Skip to main content

Staying young

Star Trek’s ageless hero

William Shatner in Star Trek. CBS Photo Archive/Getty Images

William Shatner is 90, but looks 60 and pretends he’s 55, says Hadley Freeman in The Guardian. “What you know at 90 is: take it easy, nothing matters in the end,” he says. “What goes up must come down” –although, if “I’d known that at 20, I wouldn’t have done anything”. There is a website dedicated to Shatner’s toupee, but his youthful appearance goes much further than impressive hair. Has he had some serious work done? “No. Have you?” he shoots back.

The star of the original Star Trek (“I am Captain Kirk”) credits his bounciness to the fact that he competes in “very athletic and cowboyish” horseback sports, including reining, a Wild West version of dressage. Last month Shatner swam with “18ft tiger sharks” in the Bahamas, filming for the Discovery Channel. And a tech company is offering to “recreate him as a 3D talking hologram”, so he might outlast us all. “It could be on my gravestone and people can ask it questions,” he smiles.

Japan’s cheerleading oldies

Elderly Cheersleaders
Toru Yamanaka/AFP/Getty Images

“Pompoms rustle and silver shoes flash as Japan Pom Pom practises,” says Elaine Lies on Reuters. But this is no ordinary cheerleading group – its members are aged between 60 and 89. Founded 26 years ago, it’s now a model for active seniors, but this wasn’t always the case. Japan may be one of the world’s most rapidly ageing populations, but it still has “fixed notions about senior life”.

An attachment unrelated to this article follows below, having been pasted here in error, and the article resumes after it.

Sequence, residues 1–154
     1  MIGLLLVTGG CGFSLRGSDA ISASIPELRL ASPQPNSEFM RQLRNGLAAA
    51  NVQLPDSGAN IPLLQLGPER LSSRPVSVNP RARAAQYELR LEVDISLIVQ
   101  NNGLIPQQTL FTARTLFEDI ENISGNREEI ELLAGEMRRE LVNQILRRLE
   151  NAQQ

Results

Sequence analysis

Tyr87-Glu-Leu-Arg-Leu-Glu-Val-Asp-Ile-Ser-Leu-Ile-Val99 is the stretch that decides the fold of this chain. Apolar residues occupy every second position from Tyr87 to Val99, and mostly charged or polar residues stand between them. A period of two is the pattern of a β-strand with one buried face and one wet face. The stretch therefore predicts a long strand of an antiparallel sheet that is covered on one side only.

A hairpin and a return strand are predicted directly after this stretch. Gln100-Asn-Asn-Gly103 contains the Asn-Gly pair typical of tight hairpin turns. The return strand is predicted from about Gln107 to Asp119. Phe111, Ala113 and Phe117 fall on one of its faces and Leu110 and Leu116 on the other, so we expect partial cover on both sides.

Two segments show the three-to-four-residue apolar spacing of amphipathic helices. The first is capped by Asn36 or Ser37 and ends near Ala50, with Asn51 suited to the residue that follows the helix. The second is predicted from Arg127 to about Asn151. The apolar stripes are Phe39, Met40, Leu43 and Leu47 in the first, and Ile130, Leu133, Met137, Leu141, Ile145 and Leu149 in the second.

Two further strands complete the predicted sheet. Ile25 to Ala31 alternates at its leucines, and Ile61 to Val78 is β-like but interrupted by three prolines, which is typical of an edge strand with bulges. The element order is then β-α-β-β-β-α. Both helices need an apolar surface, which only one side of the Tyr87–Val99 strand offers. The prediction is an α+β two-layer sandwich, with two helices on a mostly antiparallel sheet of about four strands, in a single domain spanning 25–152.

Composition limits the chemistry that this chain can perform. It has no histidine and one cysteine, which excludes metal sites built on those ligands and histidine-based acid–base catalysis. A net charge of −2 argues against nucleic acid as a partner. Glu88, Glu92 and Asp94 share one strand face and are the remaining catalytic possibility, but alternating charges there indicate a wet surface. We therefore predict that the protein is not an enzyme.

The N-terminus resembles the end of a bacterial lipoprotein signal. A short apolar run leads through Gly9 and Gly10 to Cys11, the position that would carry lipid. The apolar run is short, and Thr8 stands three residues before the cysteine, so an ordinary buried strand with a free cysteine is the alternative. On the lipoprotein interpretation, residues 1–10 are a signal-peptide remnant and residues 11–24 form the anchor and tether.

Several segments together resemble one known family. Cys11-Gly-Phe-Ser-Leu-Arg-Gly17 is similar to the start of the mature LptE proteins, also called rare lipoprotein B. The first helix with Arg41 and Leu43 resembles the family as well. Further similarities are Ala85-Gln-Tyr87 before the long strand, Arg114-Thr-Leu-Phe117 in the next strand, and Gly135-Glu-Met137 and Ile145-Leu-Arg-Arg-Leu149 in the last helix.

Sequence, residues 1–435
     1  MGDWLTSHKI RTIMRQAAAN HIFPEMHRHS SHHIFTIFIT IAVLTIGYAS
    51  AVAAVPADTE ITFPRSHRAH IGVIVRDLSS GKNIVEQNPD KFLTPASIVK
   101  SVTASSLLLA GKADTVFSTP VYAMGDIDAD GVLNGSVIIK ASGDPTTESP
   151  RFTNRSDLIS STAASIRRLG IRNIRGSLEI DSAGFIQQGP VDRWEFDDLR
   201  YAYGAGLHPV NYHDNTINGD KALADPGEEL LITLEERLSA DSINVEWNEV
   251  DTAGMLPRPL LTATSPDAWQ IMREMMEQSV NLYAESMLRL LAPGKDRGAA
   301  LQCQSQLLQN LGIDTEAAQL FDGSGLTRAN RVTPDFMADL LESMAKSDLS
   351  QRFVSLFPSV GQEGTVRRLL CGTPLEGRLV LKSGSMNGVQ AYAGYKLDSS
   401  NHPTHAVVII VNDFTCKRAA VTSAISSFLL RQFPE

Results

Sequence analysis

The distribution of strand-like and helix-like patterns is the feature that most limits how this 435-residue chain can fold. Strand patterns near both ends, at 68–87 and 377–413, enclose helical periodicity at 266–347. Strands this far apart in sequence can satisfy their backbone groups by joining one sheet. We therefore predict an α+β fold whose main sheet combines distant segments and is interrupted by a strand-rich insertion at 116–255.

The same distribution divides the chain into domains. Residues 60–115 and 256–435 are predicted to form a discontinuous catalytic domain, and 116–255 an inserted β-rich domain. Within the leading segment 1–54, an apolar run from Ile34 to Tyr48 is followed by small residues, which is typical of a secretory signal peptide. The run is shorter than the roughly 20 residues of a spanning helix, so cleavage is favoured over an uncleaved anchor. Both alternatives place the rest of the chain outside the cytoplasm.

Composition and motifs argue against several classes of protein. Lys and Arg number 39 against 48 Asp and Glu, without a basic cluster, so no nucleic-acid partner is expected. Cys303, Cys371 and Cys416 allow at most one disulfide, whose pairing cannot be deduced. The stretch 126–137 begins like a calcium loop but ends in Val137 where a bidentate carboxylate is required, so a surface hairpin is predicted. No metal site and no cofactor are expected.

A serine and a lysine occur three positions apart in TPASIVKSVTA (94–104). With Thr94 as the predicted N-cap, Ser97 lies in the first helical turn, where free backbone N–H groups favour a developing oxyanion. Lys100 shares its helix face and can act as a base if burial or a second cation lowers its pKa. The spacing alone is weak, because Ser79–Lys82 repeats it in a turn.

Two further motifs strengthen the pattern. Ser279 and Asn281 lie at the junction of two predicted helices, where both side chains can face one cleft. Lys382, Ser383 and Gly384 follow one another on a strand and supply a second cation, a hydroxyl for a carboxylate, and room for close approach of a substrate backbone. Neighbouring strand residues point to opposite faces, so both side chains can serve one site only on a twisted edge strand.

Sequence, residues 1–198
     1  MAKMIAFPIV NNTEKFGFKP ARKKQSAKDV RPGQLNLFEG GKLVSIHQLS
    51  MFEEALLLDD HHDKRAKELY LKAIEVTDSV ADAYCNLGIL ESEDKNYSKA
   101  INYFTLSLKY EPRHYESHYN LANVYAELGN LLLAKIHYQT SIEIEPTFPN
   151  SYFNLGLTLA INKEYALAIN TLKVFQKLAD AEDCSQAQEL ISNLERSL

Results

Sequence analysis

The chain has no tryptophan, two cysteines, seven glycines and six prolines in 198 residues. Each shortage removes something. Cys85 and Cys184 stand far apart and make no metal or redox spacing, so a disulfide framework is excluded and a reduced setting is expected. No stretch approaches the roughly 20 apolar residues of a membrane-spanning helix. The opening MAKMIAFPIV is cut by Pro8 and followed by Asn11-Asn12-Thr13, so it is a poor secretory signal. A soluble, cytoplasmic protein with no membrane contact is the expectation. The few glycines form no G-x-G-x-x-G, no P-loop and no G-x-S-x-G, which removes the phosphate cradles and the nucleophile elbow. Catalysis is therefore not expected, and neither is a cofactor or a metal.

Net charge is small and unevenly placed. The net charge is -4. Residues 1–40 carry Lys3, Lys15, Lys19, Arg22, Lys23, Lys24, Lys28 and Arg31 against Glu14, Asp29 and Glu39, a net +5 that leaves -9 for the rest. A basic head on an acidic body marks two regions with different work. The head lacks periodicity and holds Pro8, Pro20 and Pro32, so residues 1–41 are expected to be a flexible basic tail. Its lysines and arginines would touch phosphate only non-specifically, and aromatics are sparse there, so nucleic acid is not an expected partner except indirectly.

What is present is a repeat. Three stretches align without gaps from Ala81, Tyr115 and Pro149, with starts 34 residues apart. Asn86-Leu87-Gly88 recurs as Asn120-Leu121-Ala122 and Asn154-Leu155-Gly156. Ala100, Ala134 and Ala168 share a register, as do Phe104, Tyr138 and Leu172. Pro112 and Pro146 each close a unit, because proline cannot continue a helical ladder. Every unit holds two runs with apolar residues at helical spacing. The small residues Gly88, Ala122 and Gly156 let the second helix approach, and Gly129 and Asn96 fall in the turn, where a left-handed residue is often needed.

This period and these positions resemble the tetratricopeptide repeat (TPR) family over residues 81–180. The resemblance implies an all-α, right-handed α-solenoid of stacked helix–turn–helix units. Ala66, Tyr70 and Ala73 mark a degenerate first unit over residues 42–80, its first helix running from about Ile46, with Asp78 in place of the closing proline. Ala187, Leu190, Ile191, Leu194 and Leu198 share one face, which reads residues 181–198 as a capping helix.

“We went to a senior citizens’ club and they really didn’t like us,” recalls Fumie Takino, the squad’s 89-year-old founder, whose mantra is: “If you’re interested in something, forget about your age.” Takino certainly practises what she preaches. After trying scuba-diving, parasailing, skydiving and the ukulele, she is now learning Spanish.

Most squad members say cheerleading boosts their mood; some simply love putting on the fabulous costumes. Takino, who will be 90 this year, reluctantly confesses that she won’t be cheering at 100: “The last three or four years I’ve started to feel tired a lot more easily, then having to be at home because of the pandemic really meant my stamina fell.” Still, she’s not hanging up her pompoms just yet. “Moving your body is nice,” she says. “I forget everything while I’m dancing”.